By Collin County Criminal Defense Lawyer Jeremy Rosenthal
Yes, even if they’re accusing you of taking a penny.
Being convicted or even getting deferred adjudication on a theft case is bad news in Texas. There are countless unseen consequences.
It is one of a handful of charges that the stigma attached to your criminal record in practically every case is worse than any punishment if you are convicted or get deferred.
Not only that, but the judicial system and many governmental agencies consider theft to be a “crime of moral terptitude.” This can cause wide ranging problems from immigration consequences to professional licensing denial or suspension such as being a doctor, lawyer, or any other job that requires a license such as nursing or being a real estate agent.
Explaining a theft away on your criminal record is a hard thing to do whether it was a pack of chewing gum or gold bullion they accused you of taking. Think of the disadvantage you’ll have 15 years from now in applying for a job handling money when your competition won’t spend 5 minutes of the interview talking about a previous theft charge — but you will!
The worst mistake you can make if you have been charged with theft is to blow it off because perhaps you don’t think you can win, or it was a prank, or someone else really did it and you just happened to be there and you think you can explain it away later.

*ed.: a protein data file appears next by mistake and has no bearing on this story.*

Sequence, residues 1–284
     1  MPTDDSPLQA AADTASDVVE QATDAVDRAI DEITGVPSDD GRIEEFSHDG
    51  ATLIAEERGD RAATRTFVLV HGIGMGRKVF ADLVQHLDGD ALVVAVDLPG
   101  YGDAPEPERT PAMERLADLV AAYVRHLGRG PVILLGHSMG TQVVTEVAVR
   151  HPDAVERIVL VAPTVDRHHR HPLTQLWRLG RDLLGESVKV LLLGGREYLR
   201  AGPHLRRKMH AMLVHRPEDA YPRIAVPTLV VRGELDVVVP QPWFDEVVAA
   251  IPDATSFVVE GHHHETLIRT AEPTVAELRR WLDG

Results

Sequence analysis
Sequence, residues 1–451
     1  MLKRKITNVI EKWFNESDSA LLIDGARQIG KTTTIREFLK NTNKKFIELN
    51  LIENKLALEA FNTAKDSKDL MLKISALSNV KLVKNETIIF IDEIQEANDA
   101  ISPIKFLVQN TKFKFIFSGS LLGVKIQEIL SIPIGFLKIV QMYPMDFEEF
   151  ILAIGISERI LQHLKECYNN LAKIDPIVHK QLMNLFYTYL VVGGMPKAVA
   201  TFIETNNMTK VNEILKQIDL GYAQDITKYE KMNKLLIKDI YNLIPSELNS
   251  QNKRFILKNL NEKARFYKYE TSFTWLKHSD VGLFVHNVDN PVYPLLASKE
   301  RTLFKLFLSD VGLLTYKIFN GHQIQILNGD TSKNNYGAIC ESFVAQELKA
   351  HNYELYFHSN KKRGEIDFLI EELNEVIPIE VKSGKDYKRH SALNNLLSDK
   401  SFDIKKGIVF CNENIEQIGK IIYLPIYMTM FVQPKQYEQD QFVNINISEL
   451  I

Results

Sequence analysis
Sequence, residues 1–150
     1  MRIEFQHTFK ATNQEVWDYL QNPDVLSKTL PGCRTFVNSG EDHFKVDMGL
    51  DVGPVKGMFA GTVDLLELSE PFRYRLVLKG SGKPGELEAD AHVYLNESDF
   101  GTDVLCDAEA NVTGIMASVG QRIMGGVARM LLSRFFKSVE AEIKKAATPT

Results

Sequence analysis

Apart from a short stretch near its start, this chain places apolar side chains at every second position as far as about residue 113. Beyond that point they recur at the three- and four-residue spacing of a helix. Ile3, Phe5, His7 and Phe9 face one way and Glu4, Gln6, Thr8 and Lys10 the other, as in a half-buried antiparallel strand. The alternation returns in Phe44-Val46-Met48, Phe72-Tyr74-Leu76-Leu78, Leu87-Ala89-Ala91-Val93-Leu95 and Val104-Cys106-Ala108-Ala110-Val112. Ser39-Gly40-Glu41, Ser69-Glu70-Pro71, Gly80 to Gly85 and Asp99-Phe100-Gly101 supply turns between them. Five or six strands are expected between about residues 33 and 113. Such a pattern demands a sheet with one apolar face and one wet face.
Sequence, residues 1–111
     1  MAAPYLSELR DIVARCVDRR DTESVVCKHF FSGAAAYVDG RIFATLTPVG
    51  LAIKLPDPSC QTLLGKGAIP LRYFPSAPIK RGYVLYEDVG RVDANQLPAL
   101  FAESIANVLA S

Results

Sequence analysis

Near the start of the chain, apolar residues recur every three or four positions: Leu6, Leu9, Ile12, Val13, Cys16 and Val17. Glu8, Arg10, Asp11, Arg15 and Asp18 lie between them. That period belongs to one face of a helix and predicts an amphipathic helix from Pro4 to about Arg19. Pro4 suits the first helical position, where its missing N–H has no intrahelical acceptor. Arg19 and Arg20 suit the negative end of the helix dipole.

In Collin County, Texas, where I practice, I have seen juries be tremendously compassionate to persons accused of theft and acquit them. The State must prove their case beyond all reasonable doubt and a good lawyer will demand the jury acquit you if the State can’t meet their burden regardless of what happened. Theft charges must typically be aggressively defended. Even if the case is very difficult, there may be other options to lessen the blow but those are legally complex. A theft charge is no time to learn how to be a lawyer on your own!
*Jeremy Rosenthal is Board Certified in Criminal Law by the Texas Board of Legal Specialization and licensed by the Supreme Court of Texas. Nothing in this article is intended to be specific legal advice. For legal advice, consult an attorney.